10 tips to avoid getting sick on your flight

10 tips to avoid getting sick on your flight

You’ve packed the swimsuit and flip flops. Before you get on the airplane, there are steps you can take to improve your chances for a healthy vacation.

According to the Centers for Disease Control and Prevention, more than 300 million people travel on long-distance flights (generally more than four hours) each year. The farther you fly, the greater the potential risk for health complications with your flight that could jeopardize your vacation.

“Preparing for travel can sometimes add to the stress you are taking a vacation from. With a little advanced planning, these tips can get you to your destination safely and in good health,” says Dr. Julie Heyrman, a family medicine and integrative medicine physician at the Aurora Health Center in Germantown, Wis. Dr. Heyrman suggests taking a few precautions before, during and after you fly to help insure a healthy vacation.

Pre-flight

  1. See your doctor. If your travel plans include foreign destinations, check with your doctor at least four to six weeks before your departure to get any recommended vaccinations and medial advice.
  2. It’s a good idea to get in some light exercise before a long-distance flight. Consider a walk outdoors, if the weather permits, and soak in the sunshine. This will help boost your vitamin D levels, which helps to regulate your immune system.
  3. Make sure to drink plenty of water up to two days before you travel.

In-flight

  1. Carry on your medications. Use a cosmetic bag specifically for this purpose so everything is easy to find. It is with you in the event your luggage gets lost or there are flight cancellations or delays.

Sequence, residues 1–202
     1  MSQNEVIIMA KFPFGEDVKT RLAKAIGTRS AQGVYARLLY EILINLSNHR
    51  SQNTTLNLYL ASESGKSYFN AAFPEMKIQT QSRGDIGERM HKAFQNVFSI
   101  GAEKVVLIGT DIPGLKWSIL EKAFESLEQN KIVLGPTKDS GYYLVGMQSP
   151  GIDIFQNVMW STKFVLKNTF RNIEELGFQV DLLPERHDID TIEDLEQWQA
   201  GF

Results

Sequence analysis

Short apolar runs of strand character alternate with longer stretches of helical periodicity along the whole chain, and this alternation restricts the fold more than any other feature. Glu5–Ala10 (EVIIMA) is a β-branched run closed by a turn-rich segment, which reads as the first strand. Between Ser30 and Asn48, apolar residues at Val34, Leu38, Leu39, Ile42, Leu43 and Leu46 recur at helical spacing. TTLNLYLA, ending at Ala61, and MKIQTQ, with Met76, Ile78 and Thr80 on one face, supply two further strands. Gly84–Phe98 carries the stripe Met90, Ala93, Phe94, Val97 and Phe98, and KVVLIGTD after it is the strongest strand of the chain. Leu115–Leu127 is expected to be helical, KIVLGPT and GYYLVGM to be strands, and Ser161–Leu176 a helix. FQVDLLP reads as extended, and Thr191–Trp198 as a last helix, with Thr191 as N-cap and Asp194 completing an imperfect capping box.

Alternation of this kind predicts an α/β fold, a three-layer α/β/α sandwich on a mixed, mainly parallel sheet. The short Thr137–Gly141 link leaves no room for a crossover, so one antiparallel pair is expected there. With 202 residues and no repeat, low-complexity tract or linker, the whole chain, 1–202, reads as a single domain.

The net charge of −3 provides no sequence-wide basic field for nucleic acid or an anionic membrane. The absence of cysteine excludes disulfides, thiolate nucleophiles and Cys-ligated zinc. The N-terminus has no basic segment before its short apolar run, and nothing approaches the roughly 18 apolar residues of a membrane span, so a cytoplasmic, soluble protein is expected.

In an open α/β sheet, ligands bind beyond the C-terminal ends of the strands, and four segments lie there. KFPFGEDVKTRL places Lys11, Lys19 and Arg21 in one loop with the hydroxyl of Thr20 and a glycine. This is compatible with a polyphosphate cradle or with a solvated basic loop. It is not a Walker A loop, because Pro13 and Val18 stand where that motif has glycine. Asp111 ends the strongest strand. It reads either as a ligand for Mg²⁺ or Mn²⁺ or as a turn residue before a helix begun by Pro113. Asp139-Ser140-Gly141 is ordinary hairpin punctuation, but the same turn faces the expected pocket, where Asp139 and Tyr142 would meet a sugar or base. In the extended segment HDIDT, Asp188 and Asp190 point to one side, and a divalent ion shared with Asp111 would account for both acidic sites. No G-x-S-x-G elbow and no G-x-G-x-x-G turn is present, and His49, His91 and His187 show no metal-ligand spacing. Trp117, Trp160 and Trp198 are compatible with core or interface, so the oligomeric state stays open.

2. Board last. Head to the end of the line as travelers make their way aboard. This allows you to spend a little extra time moving and less time confined to your seat in the aircraft.
  3. Sanitize your surroundings. Pack some sanitizing wipes and wipe down your seat’s arm rests, tray table, window shade and seat belt to kill germs from previous passengers.
  4. It’s important to continue to hydrate, especially on the plane. Plane cabins tend to be dry, and dehydration can lead to dry mucus membranes, which will make you more susceptible to bacteria and viruses. This also means avoiding the salty snacks and alcoholic and caffeinated beverages during the flight. Save them for when you reach your destination.
  5. Bend and stretch. Make sure to make time during your flight to keep the blood flowing. Blood clots are a rare but real risk for long-distance travelers. Compression socks can help decrease swelling in the feet and ankles with flights longer than three hours. To increase blood circulation while sitting, flex your feet and extend your legs or hug your knees for ten seconds at a time. When the pilot turns off the seat belt sign, get up and move.

Post-flight

  1. Breathe in some fresh air. Take a walk outside and breathe deep to get your blood flowing. Consider meditation to put you in a relaxed state of mind so you get the most out of your time away.
  2. Enjoy your vacation. Time away from your daily routine is an opportunity to de-stress, unplug and really enjoy your surroundings. 

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Carla Basiliere

Carla Basiliere, health enews contributor, is a seasoned communications professional with over 15 years of experience in the health care industry. Carla has a BS degree in Mass Communications from the University of Minnesota Mankato. In her free time, Carla enjoys spending time outdoors with family and friends.